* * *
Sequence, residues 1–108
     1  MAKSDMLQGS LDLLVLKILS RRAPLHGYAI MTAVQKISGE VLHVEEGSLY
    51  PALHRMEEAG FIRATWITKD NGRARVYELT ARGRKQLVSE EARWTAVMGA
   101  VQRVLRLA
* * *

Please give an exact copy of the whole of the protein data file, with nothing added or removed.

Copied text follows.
Sequence, residues 1–108
     1  MAKSDMLQGS LDLLVLKILS RRAPLHGYAI MTAVQKISGE VLHVEEGSLY
    51  PALHRMEEAG FIRATWITKD NGRARVYELT ARGRKQLVSE EARWTAVMGA
   101  VQRVLRLA